Britomart development director Campbell Williamson led construction on The Hotel Britomart, New Zealand’s first 5 Green Star hotel. Here, he talks to Jeremy Hansen about the twists and turns and intense attention to detail that came with the design
Jeremy Hansen According to the certificate on your wall, The Hotel Britomart has officially been awarded a 5 Green Star Design and Build rating.
Campbell Williamson Yes, it has. It was a nice accolade because we’re the first New Zealand hotel to get a Green Star rating. That’s a pat on the back for everyone, including the New Zealand Green Building Council, because being the first one, there was a lot of working through the interpretation of the documentation for the first time and how it all worked.
What did it take to achieve the 5 Green Star Design rating?
A lot of it is business as usual for Britomart. We’ve spent maybe a couple hundred thousand dollars more, in terms of direct cost, than what might otherwise have been the case, to get us to the 5 Star Green Star rating. The key elements are concrete mixes, glass, insulation, [reducing] plastics in the building, furniture, timbers and veneers, stains, landscaping and wellness within the building such as volume of fresh air, carbon dioxide levels and so on.
Could you explain one or two of those elements in detail to give a clearer idea of what’s involved?
Sure. In concrete, for example, a big factor is in how far the trucks have to travel to get to us. You might be able to get sustainable concrete, mixed and at the best price, but if it comes from the Waikato, 100km away, it’s not going to work. You have to get a supplier closer to the site.
What’s been the biggest challenge of building to Green Star standards?
For us, the big cost is in following through all the documentation and ensuring that it’s right, and not just taking it as read when someone says, “Yeah, it’s all right.” Everything needs to be checked and double-checked and checked again. And it’s important that we get the terminology right because the certifications and labelling are not yet day-to-day business in New Zealand’s construction industry – there are highly technical specifications and nuances that can trip us up.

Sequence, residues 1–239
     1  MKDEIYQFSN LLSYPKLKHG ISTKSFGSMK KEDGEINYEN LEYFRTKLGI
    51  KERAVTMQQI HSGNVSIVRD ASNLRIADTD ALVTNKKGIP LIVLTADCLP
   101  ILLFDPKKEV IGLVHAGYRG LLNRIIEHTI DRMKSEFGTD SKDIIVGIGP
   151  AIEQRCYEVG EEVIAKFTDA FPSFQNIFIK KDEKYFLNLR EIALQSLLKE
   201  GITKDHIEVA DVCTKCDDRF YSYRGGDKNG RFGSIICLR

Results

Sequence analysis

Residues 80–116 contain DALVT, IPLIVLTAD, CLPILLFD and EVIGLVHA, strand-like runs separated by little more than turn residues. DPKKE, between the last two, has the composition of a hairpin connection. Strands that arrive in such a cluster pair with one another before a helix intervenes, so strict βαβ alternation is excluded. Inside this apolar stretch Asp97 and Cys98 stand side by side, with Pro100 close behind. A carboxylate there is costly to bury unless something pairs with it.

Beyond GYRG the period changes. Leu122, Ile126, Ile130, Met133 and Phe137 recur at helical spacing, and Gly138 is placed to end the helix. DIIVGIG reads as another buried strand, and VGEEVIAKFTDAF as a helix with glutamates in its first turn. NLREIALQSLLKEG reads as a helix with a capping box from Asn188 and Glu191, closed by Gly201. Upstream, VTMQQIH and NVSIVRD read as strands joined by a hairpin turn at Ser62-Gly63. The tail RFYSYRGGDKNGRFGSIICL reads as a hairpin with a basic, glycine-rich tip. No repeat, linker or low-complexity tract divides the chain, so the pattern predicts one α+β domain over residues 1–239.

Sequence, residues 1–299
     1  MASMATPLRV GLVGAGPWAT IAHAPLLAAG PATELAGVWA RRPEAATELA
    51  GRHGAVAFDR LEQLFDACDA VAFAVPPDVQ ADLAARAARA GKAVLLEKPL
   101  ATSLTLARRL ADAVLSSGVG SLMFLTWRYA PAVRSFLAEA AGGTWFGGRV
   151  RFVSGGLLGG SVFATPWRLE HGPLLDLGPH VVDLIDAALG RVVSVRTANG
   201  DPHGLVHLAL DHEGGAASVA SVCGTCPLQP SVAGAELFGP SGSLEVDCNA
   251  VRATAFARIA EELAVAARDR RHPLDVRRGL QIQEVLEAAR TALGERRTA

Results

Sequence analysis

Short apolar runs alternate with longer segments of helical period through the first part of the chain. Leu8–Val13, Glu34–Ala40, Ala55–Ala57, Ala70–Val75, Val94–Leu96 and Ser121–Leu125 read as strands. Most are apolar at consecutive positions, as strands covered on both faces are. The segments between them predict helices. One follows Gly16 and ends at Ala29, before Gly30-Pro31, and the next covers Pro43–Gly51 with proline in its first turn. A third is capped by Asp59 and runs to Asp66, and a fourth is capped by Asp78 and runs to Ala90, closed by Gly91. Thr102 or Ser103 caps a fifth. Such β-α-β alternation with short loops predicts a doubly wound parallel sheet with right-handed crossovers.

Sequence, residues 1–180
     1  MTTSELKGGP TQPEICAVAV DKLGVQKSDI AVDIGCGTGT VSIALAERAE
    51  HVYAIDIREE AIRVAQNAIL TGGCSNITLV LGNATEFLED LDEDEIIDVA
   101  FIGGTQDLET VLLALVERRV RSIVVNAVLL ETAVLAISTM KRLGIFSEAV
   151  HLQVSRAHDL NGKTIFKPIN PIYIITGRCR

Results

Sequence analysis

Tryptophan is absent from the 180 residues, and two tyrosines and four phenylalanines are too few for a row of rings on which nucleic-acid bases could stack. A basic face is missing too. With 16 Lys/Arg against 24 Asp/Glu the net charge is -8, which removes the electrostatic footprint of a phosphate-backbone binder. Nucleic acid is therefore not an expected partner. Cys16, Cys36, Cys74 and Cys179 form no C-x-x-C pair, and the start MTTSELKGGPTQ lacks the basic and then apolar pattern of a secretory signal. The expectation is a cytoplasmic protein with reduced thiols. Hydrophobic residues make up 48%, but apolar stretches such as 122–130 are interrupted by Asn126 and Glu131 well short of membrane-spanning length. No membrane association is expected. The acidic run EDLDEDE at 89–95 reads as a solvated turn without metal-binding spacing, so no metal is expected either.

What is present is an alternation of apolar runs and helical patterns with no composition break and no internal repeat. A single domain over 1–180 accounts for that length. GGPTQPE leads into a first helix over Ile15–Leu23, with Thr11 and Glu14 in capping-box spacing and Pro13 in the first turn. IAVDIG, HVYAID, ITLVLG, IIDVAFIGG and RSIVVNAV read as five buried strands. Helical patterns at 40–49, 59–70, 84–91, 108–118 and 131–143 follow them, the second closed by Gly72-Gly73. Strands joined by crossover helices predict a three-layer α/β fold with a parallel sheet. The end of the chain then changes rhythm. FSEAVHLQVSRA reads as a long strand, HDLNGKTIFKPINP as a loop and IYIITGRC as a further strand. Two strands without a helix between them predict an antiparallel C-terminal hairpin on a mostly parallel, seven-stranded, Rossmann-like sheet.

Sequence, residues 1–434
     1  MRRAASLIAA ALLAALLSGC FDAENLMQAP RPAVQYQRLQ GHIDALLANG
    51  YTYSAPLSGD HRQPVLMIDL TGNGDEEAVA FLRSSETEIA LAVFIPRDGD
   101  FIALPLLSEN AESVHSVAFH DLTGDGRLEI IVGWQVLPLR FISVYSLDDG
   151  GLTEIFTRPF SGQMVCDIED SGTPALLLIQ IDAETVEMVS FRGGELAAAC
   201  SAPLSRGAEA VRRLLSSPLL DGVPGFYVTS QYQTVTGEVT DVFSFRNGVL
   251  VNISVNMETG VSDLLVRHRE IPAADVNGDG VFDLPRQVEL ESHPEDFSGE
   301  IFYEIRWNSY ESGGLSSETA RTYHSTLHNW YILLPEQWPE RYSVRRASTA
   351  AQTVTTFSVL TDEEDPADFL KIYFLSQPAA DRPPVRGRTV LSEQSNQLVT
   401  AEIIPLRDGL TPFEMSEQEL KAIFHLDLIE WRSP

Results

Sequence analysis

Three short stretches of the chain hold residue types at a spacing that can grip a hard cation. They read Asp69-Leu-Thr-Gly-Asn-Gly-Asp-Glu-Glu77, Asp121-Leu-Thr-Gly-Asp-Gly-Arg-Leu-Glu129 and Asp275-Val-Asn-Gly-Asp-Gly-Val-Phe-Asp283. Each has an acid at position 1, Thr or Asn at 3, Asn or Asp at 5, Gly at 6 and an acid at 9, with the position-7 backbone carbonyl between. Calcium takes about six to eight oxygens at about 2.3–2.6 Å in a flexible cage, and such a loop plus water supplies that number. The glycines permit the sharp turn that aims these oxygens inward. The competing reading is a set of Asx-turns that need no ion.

It’s not so much the direct cost, it’s the management and the research requirements that have been the most challenging. There are products that the industry understands well and that everyone has become used to using without any question that they satisfy the building codes and that they are compatible with all the other components of the building process. But if a new product is substituted in because the usual product is not Green Star compliant, that new product requires thorough research and analysis as do all the other components the proposed Green Star product relates to, to ensure they are all equally compatible. For example, a change away from standard timber stains on our project triggered questions to revisit flame spread, colour selection, adhesion, availability, ease of application, safety, warranties, and so on. On first look, a product might have the attributes we need, but it’s not until we’re really digging into all of the product attributes that we can be certain it is compatible. But did all of that.
So the Design rating comes first, and now hotel has received a Build rating, which reflects how closely the Design rating was followed in reality.
The design stage was one part of it, but the delivery is another again. That’s where we have prove we’ve done what we said was going to happen on the drawings. Now the 5 Green Star Build rating has come through, we’ve proven the hotel is running as it should.